The best repertory and art-house screenings, special presentations, lectures, and limited engagements in Toronto.
At rep cinemas this week: a sci-fi throwback, a coming-of-age story set against the backdrop of Thunder Bay, and a delicate relationship drama.
Directed by Jeff Nichols
The Royal (608 College Street)
Jeff Nichols makes a tepid bid for classical genre filmmaking with Midnight Special, which aims for the formalist wonder of Close Encounters of the Third Kind but registers about as faintly as Bruce Willis’s similarly plotted pre-Sixth Sense dud Mercury Rising. With Shotgun Stories and Take Shelter, Nichols seemed poised to be the fresh face of a rugged American cinema about salt of the earth Texan dudes with big problems. But somewhere between there and Mud, a sweet but warmed over YA, he’s started to plateau, and Midnight Special is a sad next step down for such a talent. The story of an unearthly boy and the dad who loves him that works as a regionalist drama and a vehicle for Michael Shannon’s immaculately furrowed brow but fails at the basic world-building of the best science fiction.
Shannon is typically great as Roy, a Texan cult escapee gliding through back country at night with his state trooper friend and right-hand man Lucas (Joel Egerton) at his side and deathly pale son Alton (Jaeden Lieberher) in the backseat, covered in blankets and reading Superman comics by flashlight. Alton is a special kid, though you wouldn’t know it from Lieberher’s blank performance: he’s wanted by the FBI for cracking secret codes and treated as a benign god by his father’s former church—a buttoned up Puritan crowd which barely makes an impression past the first 10 minutes—on account of the neat tricks he plays with his eyes.
Nichols tries to mine the symbolic potential of Alton’s redemptive vision of another world layered over our sad dirt bowl, but backs himself into a corner in the process, turning up routine images of utopian cityscapes that unfortunately pale in comparison to Brad Bird’s similar aesthetic in Tomorrowland. As good as Nichols is at capturing his lily-white milieu, there’s also something uncomfortable about yet another film going through the motions of celebrating and protecting the inherent specialness of a white boy cipher. Still, Nichols has directing chops to spare, and makes a lot out of a nearly wordless opening act; pity about the rest.
Directed by Andrew Cividino
Fox Theatre (2236 Queen Street East)
Northern Ontario’s cottage country serves as an ominous backdrop for a familiar but well-realized coming-of-age drama in Andrew Cividino’s debut feature Sleeping Giant. Adapted from his short by the same title, the film follows shy, middle class teenager Adam (Jackson Martin) over his family vacation, as he slums with cousins Nate (Nick Serino) and Riley (Reece Moffett), a pair of locals who push him to the edge of his polite, coddled habits and trigger his latent aggression.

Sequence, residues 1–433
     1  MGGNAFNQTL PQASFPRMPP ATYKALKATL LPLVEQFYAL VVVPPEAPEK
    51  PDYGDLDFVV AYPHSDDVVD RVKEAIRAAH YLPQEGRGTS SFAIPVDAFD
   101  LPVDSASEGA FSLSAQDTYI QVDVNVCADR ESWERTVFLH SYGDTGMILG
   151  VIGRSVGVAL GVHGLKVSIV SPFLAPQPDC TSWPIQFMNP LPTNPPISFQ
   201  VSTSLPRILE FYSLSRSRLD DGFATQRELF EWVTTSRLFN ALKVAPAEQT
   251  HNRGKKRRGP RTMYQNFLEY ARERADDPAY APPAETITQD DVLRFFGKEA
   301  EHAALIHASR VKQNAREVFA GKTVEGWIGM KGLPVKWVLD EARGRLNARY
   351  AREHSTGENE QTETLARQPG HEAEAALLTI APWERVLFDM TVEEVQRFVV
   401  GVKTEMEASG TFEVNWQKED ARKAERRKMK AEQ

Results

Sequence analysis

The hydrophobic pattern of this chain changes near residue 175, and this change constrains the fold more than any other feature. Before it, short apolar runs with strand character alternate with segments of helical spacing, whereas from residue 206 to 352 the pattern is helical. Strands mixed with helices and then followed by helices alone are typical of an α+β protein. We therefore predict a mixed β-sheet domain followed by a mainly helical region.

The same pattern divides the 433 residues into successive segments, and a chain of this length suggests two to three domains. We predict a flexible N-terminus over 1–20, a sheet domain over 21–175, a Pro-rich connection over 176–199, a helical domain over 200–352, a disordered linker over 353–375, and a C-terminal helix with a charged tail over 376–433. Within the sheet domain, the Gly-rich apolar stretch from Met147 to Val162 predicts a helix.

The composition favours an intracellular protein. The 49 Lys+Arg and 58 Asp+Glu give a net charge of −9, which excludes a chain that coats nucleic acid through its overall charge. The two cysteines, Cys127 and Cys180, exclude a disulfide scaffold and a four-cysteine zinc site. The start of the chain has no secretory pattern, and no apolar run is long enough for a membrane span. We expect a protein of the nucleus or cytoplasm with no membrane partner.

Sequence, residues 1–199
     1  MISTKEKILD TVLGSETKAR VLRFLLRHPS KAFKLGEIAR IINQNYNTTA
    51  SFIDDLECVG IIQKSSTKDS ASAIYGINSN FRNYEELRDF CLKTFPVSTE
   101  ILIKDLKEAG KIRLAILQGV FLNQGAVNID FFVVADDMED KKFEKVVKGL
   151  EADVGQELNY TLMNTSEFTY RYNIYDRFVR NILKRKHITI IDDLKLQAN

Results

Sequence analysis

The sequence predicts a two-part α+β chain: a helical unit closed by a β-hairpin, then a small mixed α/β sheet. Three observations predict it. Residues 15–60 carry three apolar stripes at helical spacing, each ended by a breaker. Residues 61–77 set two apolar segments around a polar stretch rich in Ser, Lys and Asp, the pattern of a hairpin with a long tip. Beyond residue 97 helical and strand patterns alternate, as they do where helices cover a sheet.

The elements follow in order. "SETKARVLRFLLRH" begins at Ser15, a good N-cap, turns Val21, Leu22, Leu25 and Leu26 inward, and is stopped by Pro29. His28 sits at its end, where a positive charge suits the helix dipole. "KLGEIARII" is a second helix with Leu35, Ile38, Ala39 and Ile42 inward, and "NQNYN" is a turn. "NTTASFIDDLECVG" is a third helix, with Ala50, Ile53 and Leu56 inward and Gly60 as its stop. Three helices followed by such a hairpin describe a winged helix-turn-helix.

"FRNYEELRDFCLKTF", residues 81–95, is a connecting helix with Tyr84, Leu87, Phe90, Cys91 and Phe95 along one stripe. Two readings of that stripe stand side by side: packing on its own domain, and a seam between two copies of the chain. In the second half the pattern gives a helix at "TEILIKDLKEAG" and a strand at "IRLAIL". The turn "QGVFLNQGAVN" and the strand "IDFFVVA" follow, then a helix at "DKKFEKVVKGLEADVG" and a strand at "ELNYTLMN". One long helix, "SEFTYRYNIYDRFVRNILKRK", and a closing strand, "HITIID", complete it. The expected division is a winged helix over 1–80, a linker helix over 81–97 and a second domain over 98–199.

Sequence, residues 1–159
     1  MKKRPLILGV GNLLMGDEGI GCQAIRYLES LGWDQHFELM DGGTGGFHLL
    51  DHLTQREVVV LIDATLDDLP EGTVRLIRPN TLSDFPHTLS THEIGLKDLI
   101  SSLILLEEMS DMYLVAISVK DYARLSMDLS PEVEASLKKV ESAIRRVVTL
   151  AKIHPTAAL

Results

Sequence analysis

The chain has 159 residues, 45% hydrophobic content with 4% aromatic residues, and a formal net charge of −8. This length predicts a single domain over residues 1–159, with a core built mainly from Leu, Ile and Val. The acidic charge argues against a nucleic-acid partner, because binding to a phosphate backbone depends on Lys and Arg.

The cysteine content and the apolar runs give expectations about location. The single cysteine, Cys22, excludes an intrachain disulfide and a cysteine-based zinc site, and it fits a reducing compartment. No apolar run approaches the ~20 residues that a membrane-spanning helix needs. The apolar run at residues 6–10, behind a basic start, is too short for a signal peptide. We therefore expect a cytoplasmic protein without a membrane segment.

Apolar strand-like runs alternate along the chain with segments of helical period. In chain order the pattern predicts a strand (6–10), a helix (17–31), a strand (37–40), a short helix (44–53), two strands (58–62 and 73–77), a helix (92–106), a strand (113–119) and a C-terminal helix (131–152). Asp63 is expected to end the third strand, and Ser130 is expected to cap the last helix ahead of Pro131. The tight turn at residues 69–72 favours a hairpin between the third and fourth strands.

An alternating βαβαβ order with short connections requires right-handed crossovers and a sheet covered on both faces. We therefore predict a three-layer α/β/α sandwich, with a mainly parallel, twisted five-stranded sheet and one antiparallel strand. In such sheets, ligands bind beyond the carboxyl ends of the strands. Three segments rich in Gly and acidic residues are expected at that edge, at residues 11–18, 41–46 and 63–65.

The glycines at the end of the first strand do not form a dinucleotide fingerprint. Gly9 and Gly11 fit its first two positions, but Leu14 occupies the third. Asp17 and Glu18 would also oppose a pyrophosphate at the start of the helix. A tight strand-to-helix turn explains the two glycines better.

Cividino has scored a casting coup with Serino, a wiry kid with comic instincts and a puckish, trickster air about him. Serino is so good in his seemingly semi-improvised scenes with the other boys (and his real-life grandmother) that he raises their game throughout. Proud, bullish, and easily bruised where it counts, he’s also a strong character on whom to stake a third act twist that might otherwise feel cheap.
Character-driven and class-conscious but also formally tight, the film is an accomplished debut, though not without its limitations. The percussive score by Chris Thornborrow and Bruce Peninsula aims to capture the boys’ primal instincts but worryingly ties them to a faux-indigenous, primitivist aesthetic that suggests they are going Native as they go at each other with full force. The numerous interludes of Adam and company taking out their male rage on their natural surroundings also feel a bit phoney—a vague shortcut to a more specific and trenchant critique of how the male culture of violence and entitlement that these boys are being raised in threatens the very environment that nurtures them. We’re not sure we buy what he’s selling yet, but Cividino seems well worth watching.
Directed by Andrew Haigh
Fox Theatre (2236 Queen Street East)
Andrew Haigh turns in another two-hander about a symbiotic relationship tested by time and circumstance in 45 Years. The Weekend director and executive producer of the prematurely cancelled Looking has built a sterling early career out of observant portraits of transient love among gay men. He parlays that interest nicely into this intricately woven story of longtime married couple Kate (Charlotte Rampling) and Geoff (Tom Courtenay), whose marriage begins to show its cracks when the body of Geoff’s old girlfriend, killed in an accident in the Swiss Alps before Kate was in the picture, resurfaces.
Haigh is a smart and subtle filmmaker, expertly wielding what might have been a disastrous metaphor about a glacier that yields new fruit after melting as a commentary on the couple’s own thawing past. Rampling, for her part, is terrific, her face a delicate mask of emotion; she’s nearly good enough to make you momentarily set aside her dumb comments about the supposed reverse racism of the #Oscarssowhite protest. At times, though, Haigh’s design feels a bit programmatic: the marital surprises, when they are revealed, seem a little too obvious and preordained, and the effect of their revelation too muted. Even so, this is a moving, beautifully acted film that lands its punches with just the right force.